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Re: TEST: harder DL tests (3 SAT)

From: Peter F. Patel-Schneider <pfps@research.bell-labs.com>
Date: Fri, 28 Feb 2003 06:41:54 -0500 (EST)
Message-Id: <20030228.064154.08232941.pfps@research.bell-labs.com>
To: jjc@hpl.hp.com
Cc: www-webont-wg@w3.org

From: Jeremy Carroll <jjc@hpl.hp.com>
Subject: TEST: harder DL tests (3 SAT)
Date: Fri, 28 Feb 2003 10:23:04 +0100

[...]

> Philoshophy of Harder DL Tests
> =========================
> I would like the harder tests to be pitched at a level for which:
> - naive implementations will not solve them
> - competent but uninspired implementations will solve them over a cup of 
> coffee (or lunch)
> - inspired implementations can solve them in milliseconds

I expect that this may be difficult to achieve, at least if you want the
test to fit into the document.  Small tests are likely to be either easy
(the reasoner can actually do this sort of thing) or impossible (the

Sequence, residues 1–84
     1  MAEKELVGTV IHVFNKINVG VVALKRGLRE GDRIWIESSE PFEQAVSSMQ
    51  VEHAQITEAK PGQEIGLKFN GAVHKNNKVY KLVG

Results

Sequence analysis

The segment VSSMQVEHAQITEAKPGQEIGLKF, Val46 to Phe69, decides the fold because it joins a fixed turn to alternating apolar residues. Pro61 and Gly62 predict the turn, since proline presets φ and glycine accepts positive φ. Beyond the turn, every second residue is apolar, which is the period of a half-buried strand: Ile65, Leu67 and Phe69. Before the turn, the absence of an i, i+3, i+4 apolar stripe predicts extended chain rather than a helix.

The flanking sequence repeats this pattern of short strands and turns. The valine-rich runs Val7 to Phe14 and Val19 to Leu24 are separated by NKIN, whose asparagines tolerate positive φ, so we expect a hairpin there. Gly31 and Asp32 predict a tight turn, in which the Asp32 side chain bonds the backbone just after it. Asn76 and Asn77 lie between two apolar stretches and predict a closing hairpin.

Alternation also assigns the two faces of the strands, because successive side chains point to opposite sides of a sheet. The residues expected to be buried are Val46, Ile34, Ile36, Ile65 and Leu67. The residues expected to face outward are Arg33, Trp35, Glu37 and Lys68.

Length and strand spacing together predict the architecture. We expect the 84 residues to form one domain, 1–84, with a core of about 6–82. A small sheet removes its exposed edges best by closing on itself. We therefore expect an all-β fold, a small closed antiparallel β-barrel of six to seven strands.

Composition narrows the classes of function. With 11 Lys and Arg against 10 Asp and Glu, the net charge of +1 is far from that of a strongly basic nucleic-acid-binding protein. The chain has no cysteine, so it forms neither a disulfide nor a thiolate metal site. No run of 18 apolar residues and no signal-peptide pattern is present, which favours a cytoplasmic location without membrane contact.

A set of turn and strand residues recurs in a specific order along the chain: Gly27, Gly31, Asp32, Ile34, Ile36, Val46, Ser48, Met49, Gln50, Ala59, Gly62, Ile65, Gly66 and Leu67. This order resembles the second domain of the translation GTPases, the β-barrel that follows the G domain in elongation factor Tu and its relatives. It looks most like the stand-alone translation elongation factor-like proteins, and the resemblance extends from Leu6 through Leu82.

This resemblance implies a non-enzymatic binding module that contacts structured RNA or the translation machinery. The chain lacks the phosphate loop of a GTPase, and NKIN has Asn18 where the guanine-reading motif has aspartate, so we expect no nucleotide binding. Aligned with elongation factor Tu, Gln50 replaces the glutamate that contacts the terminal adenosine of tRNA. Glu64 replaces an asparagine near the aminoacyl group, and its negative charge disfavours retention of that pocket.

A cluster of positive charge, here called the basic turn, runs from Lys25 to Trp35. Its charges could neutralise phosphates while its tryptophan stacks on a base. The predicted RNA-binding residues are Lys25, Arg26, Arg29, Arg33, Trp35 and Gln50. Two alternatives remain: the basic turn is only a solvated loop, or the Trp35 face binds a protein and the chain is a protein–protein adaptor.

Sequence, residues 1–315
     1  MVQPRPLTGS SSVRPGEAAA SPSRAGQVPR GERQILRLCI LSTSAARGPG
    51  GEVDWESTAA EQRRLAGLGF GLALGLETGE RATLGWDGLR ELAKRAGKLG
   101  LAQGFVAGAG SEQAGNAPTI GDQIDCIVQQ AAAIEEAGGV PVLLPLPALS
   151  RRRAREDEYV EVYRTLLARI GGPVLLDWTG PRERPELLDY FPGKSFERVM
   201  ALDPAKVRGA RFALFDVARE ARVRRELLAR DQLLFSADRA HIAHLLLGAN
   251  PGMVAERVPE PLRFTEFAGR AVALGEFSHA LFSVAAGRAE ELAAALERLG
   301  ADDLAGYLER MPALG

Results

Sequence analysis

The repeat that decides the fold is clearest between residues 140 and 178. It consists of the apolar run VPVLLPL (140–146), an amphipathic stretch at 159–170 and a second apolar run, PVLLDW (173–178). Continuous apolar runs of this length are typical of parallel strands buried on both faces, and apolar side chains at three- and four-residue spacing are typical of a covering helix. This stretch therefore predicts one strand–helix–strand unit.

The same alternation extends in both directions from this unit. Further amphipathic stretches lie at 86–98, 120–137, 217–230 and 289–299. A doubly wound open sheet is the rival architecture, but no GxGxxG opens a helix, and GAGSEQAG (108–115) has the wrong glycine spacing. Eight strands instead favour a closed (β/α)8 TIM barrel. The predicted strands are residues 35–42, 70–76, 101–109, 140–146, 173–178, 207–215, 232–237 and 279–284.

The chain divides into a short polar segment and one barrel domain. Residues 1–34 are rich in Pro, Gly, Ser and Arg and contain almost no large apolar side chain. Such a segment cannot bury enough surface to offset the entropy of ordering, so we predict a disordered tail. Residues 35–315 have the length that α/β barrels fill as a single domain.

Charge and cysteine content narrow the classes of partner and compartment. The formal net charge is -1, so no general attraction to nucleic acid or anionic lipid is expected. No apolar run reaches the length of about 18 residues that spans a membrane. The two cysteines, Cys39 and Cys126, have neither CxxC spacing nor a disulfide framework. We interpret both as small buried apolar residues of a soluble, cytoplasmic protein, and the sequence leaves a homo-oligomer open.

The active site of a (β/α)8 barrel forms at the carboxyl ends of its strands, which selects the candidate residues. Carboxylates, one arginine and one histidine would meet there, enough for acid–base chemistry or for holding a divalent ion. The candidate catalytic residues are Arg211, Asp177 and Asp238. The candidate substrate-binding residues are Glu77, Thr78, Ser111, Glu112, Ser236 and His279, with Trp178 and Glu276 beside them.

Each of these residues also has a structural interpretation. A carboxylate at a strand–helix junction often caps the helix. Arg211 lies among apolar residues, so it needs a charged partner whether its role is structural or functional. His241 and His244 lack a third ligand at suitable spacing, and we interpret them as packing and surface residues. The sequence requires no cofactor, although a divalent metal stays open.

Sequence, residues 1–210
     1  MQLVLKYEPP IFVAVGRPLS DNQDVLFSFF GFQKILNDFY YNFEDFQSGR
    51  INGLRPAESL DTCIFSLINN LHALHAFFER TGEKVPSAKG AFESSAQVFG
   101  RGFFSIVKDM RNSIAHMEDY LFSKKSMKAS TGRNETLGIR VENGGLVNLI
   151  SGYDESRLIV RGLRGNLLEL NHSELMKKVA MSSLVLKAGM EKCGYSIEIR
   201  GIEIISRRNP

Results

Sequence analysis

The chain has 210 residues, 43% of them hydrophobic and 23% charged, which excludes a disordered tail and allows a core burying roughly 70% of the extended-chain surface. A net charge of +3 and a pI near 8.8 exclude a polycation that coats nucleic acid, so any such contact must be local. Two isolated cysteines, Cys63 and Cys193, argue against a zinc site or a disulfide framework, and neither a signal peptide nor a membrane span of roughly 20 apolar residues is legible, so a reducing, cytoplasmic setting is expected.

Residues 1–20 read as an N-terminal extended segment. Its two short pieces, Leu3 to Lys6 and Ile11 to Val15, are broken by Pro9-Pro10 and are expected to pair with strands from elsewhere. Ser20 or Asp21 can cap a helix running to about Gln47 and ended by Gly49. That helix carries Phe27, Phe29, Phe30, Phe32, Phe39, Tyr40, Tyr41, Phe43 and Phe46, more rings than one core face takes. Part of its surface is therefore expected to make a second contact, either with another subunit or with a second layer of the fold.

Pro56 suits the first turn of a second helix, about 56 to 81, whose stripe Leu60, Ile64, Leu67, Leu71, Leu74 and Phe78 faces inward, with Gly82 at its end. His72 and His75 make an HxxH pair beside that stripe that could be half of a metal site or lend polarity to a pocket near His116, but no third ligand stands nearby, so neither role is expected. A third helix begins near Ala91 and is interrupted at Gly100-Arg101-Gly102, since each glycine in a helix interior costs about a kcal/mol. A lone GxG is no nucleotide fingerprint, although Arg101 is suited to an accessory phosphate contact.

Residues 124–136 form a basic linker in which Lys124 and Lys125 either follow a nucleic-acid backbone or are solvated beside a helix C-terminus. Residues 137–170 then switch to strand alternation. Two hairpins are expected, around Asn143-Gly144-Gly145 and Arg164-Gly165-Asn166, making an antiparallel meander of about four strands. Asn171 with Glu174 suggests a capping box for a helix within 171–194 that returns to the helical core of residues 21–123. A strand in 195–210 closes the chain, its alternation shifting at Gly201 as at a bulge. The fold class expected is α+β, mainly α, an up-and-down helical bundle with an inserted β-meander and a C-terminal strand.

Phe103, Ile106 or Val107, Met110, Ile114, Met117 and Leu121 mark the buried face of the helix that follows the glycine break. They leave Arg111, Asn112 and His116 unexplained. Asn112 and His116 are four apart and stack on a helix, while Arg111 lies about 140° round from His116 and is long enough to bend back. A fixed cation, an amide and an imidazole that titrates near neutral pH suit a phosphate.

reasoner gets completely lost or does the wrong thing).

If you are, however, looking for larger tests that exhibit this behaviour,
you are likely to find them in the Tableaux'98 modal logic tests

> Jeremy

peter


@InProceedings{Balsiger98a,
  author = 	 {P. Balsiger and A. Heuerding},
  title = 	 {Comparison of Theorem Provers for Modal
		  Logics --- Introduction and Summary},
  pages     = {25--26},
  crossref =	 "tableaux'98"
}

@Proceedings{tableaux'98,
   key = {Proceedings of Tableaux'98},
   title = {Automated Reasoning with Analytic Tableaux and Related
                  Methods: International Conference Tableaux'98},
   booktitle = {Automated Reasoning with Analytic Tableaux and Related
                  Methods: International Conference Tableaux'98},
  conference-location = {Oisterwijk, The Netherlands},
  editor = {Harrie de Swart},
  year = {1998},
  month = may,
  series    = {Lecture Notes in Artificial Intelligence},
  publisher = {Springer-Verlag},
  address = {Berlin},
  number    = {1397} 
}
Received on Friday, 28 February 2003 06:42:41 GMT

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